When it comes to the environment, Durango’s seven City Council candidates plan to focus on a wide-ranging list of issues, but one – wildfire management – rose to the top.
The candidates are running for three open City Council seats in the April 6 election. Six would be council newcomers, and one, Melissa Youssef, is wrapping up her first term. Those who are elected will hold four-year terms.
When asked for their top-priority action item, if elected, many of the candidates balked: All are important, they said.
The city of Durango already has plans and goals in place to address environmental topics, such as reducing the city’s carbon footprint, addressing its water needs and increasing efficiency when it comes to resource use.
In 2019, the City Council approved goals to reach an 80% reduction in greenhouse gas emissions by 2050, compared with 2016 levels. That includes an interim goal of a 30% reduction by 2030.
The city also aims to use 100% renewable electricity by 2050 and rely on renewable energy for 50% of its needs by 2030.
In 2020, the city started the process of implementing its sustainability plan, with early public feedback pushing for faster action on reducing greenhouse gas emissions.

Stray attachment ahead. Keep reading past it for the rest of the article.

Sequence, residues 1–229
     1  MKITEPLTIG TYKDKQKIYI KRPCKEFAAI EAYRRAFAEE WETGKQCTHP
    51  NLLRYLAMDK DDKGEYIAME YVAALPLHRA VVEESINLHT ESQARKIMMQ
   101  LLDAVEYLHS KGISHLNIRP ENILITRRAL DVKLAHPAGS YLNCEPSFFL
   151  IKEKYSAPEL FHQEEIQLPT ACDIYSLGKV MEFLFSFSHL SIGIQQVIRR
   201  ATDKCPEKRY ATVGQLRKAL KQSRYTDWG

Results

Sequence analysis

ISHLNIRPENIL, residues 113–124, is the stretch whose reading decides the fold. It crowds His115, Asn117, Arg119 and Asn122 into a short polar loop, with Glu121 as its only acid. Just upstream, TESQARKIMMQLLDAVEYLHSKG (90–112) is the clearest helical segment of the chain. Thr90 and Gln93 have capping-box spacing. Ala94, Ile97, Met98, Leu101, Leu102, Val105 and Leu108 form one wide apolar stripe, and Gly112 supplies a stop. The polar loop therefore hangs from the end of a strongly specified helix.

It held events, like the annual pumpkin drop-off, to promote waste reduction and launched a Green Business Durango certification program.
It also developed an electric vehicle readiness plan, in partnership with La Plata Electric Association, and installed new charging stations to prepare for the expected widespread adoption of electric vehicles.
Lisa McCorry, a landscaper and former chef, declined to comment on her top environmental priority, but said she was encouraged by the city’s recent adoption of an energy performance contract.
The energy performance contract will see the completion of energy and water efficiency improvements alongside the installation of solar photovoltaic panels at city facilities.
“That’s a recent success. We can go further with that,” McCorry said. “That’s a big thing I’m celebrating right now for sure.”
Olivier Bosmans, an international project manager and environmental consultant, also declined to describe a top priority.
When it comes to the environment, Bosmans first referred to his professional experiences. He’s been an environmental health and safety consultant for 20 years, dealing with greenhouse gases, air quality, water quality, pollution and more.
“All of those topics are important, you cannot say one needs to be done,” Bosmans said. “The city, within their restrictions, has good plans and initiatives, like the electric vehicle charging station.”
Harrison Wendt, a youth camp coordinator with Durango schools, said his top priority would be to improve the city’s recycling program.
“In Durango, if we can almost reimagine our recycling program and invest in it, we can see a huge outcome and increase in people recycling,” Wendt said.
He also said the city should ban the use of single-use plastic bags, which has been done in other Colorado cities.